Strength in numbers

By Murray Pollok23 April 2008

Nick Mavrick is a man on a mission for Volvo Rents. The franchise arm of Volvo Construction Equipment North America has grown its customer base by a hefty 50% per annum for the past five years, according to company reports, but Mr Mavrick, vice president of global marketing for Volvo Rents, is focused on the numbers behind the numbers.

"We know that 16% of our customers do 89% of our business at Volvo Rents, and those 16% transact with us more than 10 times a year," he says. "When we profiled our customer base very early on, we found that to them, great customer service meant being treated individually. The rental business is really an outsource business, so smaller companies who are constrained for capital need lots of flexibility. Every situation is different."

Mr Mavrick believes that the emergence of the core Volvo Rents customer can be traced in part to rental industry consolidation. "A decade ago you had entrepreneur serving entrepreneur in this business. Then terrific rental operations were bought up by public companies, and while they retained many good customers, the change in business dynamic created some defections. Our research identified a market opportunity to tailor our operations to the customer who values the kind of flexibility typical of a privately owned business.

"We've done the homework and we know a lot about our customer base. On average, they have between 25 and 99 employees; 62% of them are in construction. And what they really appreciate is dealing with other local owners like themselves. We saw an opening in the market to be a premium service provider to this profile, and that's where we allocate our marketing budget. Today we spend over 80% of our marketing dollars on 16% to 20% of our base, and we do that to create the right kind of experience for them."

That experience, says Mr Mavrick, hinges on a pervasive "one-on-one-ship" manifested by everything from a midnight delivery run to allowing an employee unscheduled time off. It's an approach that seems to dovetail with independent ownership, but what about the large public companies with vast, company-owned networks? North America's two largest industry players, United Rentals and RSC Equipment Rentals, are data-centric in their own right - although interestingly, all three companies use very different benchmarking techniques to tap into their customers.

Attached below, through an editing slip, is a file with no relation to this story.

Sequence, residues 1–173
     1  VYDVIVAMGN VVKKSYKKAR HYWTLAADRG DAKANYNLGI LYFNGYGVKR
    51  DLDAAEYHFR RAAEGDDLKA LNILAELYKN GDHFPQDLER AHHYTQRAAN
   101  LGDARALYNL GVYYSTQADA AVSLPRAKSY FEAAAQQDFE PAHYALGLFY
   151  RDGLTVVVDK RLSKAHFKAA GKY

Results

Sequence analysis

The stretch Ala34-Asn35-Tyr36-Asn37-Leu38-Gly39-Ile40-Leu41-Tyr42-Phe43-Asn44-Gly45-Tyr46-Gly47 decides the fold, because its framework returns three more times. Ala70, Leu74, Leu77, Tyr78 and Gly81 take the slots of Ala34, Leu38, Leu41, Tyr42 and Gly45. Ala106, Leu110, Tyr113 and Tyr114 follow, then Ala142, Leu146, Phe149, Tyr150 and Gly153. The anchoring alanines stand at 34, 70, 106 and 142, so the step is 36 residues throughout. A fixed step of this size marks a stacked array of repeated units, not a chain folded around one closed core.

Linking data to dollars
For United Rentals, "our goal is to make customer satisfaction as quantifiable as possible," says Elise Arsenault, vice president of marketing for the market leader. "In 2004 we conducted baseline research using random surveying and found that only 30% of our customers defined themselves as price shoppers on a regular basis. They were much more motivated by service than price; within service their responses pointed to certain attributes: dependability, consistency and confidence in the experience.

"The findings also confirmed our empirical observation that roughly a third of our customer base was giving us 75% or more of their business," continues Ms Arsenault. "We saw an opportunity to pursue a greater share of wallet from customers who used us as a secondary or tertiary supplier."

In 2005 United Rentals intensified its research with a master study aimed at leveraging the customer experience. The firm that carried out the study, brand strategist Lippincott Mercer, found that United Rentals' share of wallet had climbed to more than 50% in the intervening period between the two studies - approximately twice that of its competitors on average. Nevertheless, "we knew that we had a significant opportunity to increase share," says Ms Arsenault. "The study identified 18 ‘touchpoints' in the customer experience. From there, we focused on six that our customers felt were the most important."